Bob Woolmer exudes a calm confidence, whether or not his team is doing well. Some say it is typical of the man, a smooth operator. Others - and he has an equal number of fans and critics - say it is that very self-assurance that is
Woolmer's strength. He is able to pass that on to his players.
Even as Pakistan gear up to take on Sri Lanka in their first Champions Trophy league encounter here on Tuesday, Woolmer spoke to HT on a variety of cricketing issues, from his team's preparedness to the concept of powerplays.
Is Pakistan’s poor Champions Trophy record a worry as you look to begin your campaign?
You can’t worry about the past because that is history. There are a few other sides that have also not done well in the past and I don’t see this as a worry. In fact, we are going into the Champions Trophy aiming to try and do as well as we can. We have a bunch of good players who have performed consistently well over a period of time.
Is your recent success more because of the fact that you have quite a few all-rounders in the side?
One-day cricket is all about allrounders. This is where we try and get to as a team. We have nine to 10 batsman and simultaneously, seven or eight bowlers. And if they all can try and fire on all cylinders then there is no doubt that we will be a force to reckon with. Of course, it would be of great help if we win a few tosses during this series.
Do you think Sri Lanka start with an advantage after already winning three qualifying games?
Yes, that could be a big plus for the Lankans. They are on a roll after winning their matches coming into the main draw. We have to be careful and at our best when we take them on. They have a good side and a talented coach in Tom Moody but we have a reasonable record against them.
Do you have any specific gameplan for them?
My analyst has already recorded Sri Lanka’s games for me and I am going to have a good look at them before the game. The first match of a tournament is always really important and we can’t take any chances.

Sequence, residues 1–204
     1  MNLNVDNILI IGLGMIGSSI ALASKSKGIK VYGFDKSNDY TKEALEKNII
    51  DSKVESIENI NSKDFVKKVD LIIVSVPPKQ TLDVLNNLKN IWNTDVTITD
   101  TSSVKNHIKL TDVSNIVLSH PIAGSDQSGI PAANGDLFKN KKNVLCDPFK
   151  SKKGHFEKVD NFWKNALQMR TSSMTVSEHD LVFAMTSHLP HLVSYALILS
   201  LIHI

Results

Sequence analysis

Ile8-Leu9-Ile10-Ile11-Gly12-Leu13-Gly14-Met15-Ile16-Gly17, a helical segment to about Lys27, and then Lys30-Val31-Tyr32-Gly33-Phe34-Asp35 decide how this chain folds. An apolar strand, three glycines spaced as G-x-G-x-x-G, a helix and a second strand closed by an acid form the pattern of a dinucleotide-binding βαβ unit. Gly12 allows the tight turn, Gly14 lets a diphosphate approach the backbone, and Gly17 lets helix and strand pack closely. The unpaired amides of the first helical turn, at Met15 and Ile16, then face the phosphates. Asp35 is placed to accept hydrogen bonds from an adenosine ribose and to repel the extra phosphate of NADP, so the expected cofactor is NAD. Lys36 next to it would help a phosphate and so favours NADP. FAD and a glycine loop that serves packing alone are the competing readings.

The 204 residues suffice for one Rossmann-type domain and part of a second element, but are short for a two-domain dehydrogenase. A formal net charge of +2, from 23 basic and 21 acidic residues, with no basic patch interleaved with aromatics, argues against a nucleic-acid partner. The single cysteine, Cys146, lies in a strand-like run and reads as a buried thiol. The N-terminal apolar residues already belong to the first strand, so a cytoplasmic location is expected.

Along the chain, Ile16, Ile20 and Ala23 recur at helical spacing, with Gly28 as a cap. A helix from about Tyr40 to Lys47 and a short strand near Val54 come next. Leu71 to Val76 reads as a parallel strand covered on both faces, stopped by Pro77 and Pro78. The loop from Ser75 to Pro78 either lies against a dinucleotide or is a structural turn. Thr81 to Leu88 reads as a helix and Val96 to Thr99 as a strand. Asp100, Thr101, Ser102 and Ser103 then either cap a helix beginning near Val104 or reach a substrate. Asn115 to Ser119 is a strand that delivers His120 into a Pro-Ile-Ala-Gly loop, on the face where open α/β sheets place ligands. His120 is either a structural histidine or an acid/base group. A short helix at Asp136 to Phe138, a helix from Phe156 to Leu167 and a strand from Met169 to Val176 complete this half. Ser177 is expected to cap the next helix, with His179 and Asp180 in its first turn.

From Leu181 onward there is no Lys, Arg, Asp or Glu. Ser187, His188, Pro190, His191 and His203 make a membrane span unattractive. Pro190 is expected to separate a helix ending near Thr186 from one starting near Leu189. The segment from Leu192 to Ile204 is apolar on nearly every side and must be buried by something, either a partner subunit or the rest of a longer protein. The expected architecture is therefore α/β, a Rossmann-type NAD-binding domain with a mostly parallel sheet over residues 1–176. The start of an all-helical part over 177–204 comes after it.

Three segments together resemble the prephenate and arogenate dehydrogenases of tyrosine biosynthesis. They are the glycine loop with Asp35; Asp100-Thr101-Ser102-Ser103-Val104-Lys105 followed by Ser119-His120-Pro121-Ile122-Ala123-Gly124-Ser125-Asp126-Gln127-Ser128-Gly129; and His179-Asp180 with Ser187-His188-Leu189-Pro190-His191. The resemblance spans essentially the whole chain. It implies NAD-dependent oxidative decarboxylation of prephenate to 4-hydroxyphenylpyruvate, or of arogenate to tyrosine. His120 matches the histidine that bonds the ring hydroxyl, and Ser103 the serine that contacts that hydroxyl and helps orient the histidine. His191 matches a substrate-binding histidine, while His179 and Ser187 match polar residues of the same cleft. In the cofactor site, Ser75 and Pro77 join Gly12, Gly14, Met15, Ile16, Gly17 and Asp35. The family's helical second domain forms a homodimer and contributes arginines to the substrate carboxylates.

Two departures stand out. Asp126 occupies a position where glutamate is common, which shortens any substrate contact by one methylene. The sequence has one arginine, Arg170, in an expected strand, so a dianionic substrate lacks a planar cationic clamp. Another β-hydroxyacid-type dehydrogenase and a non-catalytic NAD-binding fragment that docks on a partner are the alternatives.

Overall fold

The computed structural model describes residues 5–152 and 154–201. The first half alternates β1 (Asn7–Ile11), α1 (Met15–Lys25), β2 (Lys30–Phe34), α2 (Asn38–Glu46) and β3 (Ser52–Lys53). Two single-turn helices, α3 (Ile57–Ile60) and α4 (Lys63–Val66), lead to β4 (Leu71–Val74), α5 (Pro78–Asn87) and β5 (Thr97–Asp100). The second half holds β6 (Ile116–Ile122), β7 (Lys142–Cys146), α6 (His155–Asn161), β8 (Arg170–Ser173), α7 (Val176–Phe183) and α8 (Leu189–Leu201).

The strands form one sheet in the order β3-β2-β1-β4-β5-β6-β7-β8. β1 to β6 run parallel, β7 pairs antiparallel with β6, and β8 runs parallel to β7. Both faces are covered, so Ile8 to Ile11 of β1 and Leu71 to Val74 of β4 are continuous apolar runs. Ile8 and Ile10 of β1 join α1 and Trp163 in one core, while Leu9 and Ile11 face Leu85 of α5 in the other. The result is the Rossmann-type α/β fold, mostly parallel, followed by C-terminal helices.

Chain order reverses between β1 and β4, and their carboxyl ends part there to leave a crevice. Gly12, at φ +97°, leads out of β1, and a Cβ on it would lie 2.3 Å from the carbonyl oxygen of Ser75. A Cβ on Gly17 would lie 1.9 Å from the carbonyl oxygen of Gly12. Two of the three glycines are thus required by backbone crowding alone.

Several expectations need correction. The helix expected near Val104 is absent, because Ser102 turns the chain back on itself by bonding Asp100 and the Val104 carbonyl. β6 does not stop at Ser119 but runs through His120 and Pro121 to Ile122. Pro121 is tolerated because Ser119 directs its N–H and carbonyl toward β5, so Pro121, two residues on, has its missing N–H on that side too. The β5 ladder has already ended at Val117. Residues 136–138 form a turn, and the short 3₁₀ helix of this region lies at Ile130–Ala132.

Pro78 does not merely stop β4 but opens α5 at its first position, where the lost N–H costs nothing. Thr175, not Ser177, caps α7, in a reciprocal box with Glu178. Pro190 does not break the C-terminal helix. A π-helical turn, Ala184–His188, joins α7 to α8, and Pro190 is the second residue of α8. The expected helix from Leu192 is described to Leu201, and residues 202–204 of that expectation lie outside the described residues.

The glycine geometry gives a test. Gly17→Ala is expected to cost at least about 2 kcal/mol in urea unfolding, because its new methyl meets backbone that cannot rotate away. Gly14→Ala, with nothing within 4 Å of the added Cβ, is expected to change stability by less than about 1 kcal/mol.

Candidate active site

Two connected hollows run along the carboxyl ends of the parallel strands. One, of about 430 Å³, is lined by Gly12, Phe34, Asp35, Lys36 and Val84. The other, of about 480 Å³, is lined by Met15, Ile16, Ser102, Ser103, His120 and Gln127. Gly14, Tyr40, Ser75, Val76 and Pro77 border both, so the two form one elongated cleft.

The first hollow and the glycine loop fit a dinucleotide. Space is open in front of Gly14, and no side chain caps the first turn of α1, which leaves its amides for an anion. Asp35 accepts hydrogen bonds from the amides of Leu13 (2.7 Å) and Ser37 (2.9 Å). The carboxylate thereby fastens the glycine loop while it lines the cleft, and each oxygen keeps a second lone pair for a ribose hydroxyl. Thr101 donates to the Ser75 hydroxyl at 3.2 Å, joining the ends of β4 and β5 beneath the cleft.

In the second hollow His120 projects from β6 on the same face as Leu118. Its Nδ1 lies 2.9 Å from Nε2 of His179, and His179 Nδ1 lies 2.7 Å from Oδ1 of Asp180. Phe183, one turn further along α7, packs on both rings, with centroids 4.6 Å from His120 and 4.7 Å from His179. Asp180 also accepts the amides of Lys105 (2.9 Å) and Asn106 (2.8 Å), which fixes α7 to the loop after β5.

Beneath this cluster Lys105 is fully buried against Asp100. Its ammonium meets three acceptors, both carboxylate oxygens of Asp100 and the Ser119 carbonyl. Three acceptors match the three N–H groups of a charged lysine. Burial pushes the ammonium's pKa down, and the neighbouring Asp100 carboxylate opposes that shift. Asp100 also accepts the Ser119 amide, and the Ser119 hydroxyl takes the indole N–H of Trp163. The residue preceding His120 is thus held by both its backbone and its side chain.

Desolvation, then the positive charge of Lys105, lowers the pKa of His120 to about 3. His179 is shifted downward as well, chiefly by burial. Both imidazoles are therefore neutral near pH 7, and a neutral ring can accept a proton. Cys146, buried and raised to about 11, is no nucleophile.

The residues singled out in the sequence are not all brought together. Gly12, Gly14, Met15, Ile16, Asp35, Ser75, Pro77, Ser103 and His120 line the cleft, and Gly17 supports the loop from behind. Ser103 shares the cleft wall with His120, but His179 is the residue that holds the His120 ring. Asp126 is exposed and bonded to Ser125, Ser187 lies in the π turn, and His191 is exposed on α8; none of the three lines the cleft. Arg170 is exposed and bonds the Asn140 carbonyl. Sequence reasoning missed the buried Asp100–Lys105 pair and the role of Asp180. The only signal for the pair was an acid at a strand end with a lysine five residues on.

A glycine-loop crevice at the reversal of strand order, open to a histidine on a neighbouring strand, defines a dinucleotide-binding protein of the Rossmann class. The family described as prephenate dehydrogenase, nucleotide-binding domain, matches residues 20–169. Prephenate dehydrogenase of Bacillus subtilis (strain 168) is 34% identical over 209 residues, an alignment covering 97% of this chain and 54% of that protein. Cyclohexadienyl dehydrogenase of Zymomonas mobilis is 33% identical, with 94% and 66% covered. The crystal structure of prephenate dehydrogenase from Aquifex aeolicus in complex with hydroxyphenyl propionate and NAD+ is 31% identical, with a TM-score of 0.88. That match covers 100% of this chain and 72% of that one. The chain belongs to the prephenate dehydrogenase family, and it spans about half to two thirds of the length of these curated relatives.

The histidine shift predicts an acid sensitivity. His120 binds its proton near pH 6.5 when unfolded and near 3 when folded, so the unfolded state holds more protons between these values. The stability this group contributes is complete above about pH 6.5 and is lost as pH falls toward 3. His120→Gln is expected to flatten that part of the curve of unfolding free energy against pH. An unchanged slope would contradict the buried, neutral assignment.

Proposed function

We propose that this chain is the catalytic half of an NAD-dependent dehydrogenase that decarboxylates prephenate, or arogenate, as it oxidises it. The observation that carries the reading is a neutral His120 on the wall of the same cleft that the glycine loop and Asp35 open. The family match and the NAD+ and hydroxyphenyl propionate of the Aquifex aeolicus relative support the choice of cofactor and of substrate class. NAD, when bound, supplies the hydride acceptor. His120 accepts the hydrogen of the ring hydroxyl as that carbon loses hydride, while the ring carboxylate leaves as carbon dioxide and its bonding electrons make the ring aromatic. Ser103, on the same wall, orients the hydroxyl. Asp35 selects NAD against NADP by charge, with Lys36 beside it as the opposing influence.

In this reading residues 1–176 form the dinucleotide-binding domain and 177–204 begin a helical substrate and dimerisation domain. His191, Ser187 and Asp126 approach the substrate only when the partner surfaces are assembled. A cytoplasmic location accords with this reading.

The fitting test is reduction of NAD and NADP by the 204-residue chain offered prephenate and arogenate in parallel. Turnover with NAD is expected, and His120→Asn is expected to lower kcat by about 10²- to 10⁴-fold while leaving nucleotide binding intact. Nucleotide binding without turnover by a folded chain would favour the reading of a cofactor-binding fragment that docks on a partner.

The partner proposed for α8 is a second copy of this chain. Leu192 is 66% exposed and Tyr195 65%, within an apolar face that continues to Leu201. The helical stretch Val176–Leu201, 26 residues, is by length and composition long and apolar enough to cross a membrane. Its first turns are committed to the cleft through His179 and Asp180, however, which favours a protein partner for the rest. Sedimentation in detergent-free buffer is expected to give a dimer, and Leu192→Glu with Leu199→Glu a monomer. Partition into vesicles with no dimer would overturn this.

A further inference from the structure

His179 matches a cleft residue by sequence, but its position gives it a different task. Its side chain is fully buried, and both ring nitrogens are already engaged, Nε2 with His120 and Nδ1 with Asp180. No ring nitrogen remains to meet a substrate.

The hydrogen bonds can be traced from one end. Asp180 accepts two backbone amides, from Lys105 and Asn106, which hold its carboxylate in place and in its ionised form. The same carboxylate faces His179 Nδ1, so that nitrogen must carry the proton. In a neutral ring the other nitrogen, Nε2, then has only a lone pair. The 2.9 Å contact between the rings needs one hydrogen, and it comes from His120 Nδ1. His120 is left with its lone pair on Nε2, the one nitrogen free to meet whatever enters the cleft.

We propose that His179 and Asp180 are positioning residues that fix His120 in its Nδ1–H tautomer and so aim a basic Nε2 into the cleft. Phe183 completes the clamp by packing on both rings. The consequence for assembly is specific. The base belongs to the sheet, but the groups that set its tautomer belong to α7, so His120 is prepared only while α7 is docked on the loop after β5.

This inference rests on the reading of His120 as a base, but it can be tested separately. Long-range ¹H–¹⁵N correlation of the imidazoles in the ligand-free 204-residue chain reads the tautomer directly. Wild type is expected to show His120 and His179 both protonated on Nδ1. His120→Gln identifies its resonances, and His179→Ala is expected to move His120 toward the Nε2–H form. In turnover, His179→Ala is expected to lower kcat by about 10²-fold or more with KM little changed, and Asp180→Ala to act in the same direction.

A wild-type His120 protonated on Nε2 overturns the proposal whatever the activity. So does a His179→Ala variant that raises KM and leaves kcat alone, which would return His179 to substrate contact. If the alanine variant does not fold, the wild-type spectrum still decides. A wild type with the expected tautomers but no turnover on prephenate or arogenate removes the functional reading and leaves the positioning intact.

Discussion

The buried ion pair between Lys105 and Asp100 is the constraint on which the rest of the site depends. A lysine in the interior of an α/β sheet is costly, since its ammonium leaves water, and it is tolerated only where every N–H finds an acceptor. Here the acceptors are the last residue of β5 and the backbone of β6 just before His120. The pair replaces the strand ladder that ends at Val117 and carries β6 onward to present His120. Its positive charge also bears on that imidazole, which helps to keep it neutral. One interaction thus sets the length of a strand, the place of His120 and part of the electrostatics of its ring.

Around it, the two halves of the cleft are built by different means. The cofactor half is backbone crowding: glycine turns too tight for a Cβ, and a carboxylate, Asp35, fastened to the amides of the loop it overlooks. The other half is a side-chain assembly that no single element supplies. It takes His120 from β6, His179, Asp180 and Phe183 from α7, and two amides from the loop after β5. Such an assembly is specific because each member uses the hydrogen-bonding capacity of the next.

Are you satisfied with your team’s preparations?
We have played a couple of practice games here in Jaipur. Though we were not really pushed hard in either, the way our players played was really good. All our bowlers bowled a good line and restricted the opponents and the batsmen looked in good nick.
You have as many as five opening batsmen. Is that something that worries you?
I have always been quite interested in opening partnerships and we’ve had some good partnerships in the practice games. We have the option of choosing from five openers - Shoaib Malik, Shahid Afridi, Mohammad Hafeez, Imran Farhat and Kamran Akmal - as per the situation. So, I am not particularly worried. In ODIs, one needs to have that kind of flexibility in the batting order.
Do the increased powerplay overs force you to change the batting order in the first 20 overs?
There is always an element of doubt before we go into the second and third powerplays. You can be either 120 for one in 20 overs or you can lose 4-5 wickets while going for a few extra runs. What we try and do is that when the last powerplay comes in, players like Afridi are needed to force the pace out in the middle.
How is the bowling shaping up?
I am not particularly worried about my bowlers. As we have seen in the practice games here, they have looked in their element. No one has really pushed us.